If your glaucoma is in the very early stages, or if you have high IOP but no optic nerve damage, the best treatment is often medicated eye drops. These eye drops lower your IOP. While drops can be very effective at lowering eye pressure, they are sometimes a burden to administer and financially costly.
Here at Williamson Eye Center, we are dedicated to providing our glaucoma patients with the best treatments available. That’s why we offer a range of minimally invasive glaucoma surgeries (MIGS) and now Durysta medication implants to deliver medication inside the eye. These treatments are aimed at reducing or potentially eliminating the need for costly and time consuming glaucoma drops by lowering eye pressure from inside the eye.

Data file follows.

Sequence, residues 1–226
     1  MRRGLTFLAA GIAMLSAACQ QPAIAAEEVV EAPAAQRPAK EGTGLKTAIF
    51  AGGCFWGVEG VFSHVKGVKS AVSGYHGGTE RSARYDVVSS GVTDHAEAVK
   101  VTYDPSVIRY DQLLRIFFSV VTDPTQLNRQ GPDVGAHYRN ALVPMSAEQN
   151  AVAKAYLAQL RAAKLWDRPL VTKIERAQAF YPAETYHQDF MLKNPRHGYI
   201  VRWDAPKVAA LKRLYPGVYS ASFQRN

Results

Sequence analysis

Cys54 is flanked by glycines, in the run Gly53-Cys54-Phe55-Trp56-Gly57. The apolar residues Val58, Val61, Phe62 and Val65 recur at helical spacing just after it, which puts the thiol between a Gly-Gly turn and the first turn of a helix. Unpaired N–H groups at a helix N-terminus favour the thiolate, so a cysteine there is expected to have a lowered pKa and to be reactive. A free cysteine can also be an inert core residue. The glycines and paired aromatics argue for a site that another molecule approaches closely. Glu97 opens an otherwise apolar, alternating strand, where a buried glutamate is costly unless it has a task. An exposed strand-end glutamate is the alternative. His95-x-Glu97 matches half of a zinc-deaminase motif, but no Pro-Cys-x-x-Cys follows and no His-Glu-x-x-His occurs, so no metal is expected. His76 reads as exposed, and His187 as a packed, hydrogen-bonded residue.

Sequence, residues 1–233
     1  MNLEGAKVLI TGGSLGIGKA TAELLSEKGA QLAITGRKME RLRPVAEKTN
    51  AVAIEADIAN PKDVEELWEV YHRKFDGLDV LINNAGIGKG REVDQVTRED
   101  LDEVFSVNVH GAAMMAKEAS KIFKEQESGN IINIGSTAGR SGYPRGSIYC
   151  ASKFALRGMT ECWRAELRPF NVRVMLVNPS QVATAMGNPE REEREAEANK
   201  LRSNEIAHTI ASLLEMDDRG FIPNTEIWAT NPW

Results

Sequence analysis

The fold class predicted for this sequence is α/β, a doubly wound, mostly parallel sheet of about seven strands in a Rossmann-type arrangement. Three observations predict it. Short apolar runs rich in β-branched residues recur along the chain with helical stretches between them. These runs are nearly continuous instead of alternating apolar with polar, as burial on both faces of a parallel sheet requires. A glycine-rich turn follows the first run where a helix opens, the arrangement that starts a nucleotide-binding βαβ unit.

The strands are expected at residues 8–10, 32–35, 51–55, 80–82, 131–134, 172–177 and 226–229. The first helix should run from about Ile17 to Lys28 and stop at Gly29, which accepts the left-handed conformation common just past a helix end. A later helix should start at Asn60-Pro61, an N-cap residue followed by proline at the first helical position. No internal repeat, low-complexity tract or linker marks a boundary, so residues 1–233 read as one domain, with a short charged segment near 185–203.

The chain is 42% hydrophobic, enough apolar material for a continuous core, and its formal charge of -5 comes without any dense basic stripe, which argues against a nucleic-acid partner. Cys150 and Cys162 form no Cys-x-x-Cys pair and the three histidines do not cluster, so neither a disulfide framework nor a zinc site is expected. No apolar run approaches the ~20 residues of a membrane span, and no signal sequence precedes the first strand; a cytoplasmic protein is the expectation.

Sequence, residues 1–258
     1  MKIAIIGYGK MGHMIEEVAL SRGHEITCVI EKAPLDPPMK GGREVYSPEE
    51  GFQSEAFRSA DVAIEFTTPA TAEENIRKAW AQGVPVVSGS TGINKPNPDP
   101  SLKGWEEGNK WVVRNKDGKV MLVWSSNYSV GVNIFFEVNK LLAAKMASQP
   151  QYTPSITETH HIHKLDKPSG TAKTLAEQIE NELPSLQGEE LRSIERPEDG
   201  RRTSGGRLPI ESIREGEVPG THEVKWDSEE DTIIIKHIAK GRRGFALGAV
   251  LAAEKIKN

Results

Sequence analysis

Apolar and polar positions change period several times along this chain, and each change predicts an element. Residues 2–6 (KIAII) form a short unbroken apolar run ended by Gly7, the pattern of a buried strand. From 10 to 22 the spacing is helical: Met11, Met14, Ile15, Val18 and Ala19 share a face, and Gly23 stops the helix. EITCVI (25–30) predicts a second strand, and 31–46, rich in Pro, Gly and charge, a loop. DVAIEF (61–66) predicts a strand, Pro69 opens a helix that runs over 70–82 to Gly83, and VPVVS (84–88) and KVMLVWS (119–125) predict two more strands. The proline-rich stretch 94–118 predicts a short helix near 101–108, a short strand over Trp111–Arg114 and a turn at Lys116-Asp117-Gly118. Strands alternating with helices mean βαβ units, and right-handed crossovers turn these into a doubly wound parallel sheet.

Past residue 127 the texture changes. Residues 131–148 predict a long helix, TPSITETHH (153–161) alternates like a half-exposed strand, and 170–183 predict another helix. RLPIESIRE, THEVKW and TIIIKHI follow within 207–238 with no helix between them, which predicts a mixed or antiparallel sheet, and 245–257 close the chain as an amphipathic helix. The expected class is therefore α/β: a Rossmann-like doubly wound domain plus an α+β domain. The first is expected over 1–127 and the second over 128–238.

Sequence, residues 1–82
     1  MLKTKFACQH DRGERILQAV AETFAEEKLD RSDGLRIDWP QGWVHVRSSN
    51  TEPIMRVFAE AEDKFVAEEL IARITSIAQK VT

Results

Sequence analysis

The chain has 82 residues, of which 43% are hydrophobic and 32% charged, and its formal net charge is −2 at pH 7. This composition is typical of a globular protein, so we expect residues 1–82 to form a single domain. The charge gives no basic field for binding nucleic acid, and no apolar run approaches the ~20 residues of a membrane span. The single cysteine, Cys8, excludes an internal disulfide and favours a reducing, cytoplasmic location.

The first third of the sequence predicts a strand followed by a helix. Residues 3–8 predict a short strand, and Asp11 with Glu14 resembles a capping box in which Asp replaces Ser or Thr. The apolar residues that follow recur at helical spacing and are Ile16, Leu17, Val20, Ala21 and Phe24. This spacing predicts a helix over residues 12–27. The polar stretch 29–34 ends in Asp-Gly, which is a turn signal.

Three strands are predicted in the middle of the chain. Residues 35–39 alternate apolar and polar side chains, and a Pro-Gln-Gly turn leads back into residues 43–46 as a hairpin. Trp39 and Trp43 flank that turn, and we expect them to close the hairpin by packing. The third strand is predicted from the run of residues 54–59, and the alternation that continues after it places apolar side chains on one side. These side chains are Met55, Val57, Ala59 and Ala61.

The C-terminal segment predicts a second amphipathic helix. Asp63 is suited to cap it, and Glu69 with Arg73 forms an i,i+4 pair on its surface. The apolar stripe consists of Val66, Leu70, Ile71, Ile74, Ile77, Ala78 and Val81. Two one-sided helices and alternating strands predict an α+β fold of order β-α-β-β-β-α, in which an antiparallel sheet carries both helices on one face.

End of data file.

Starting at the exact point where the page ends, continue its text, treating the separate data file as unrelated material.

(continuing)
Your best protection against Glaucoma is having yearly eye exams to detect symptoms before vision loss occurs. When diagnosed early, you can more easily manage your glaucoma to prevent vision loss. Talk to your doctor about your risk for glaucoma and have regular eye exams based on their recommendations.
When you’re aware of your risk and take the proper steps to manage it and spot glaucoma early, you’ll be able to keep your vision for years to come. Learn more about how to keep glaucoma in check by scheduling an appointment at Williamson Eye Center in Baton Rouge, LA, now!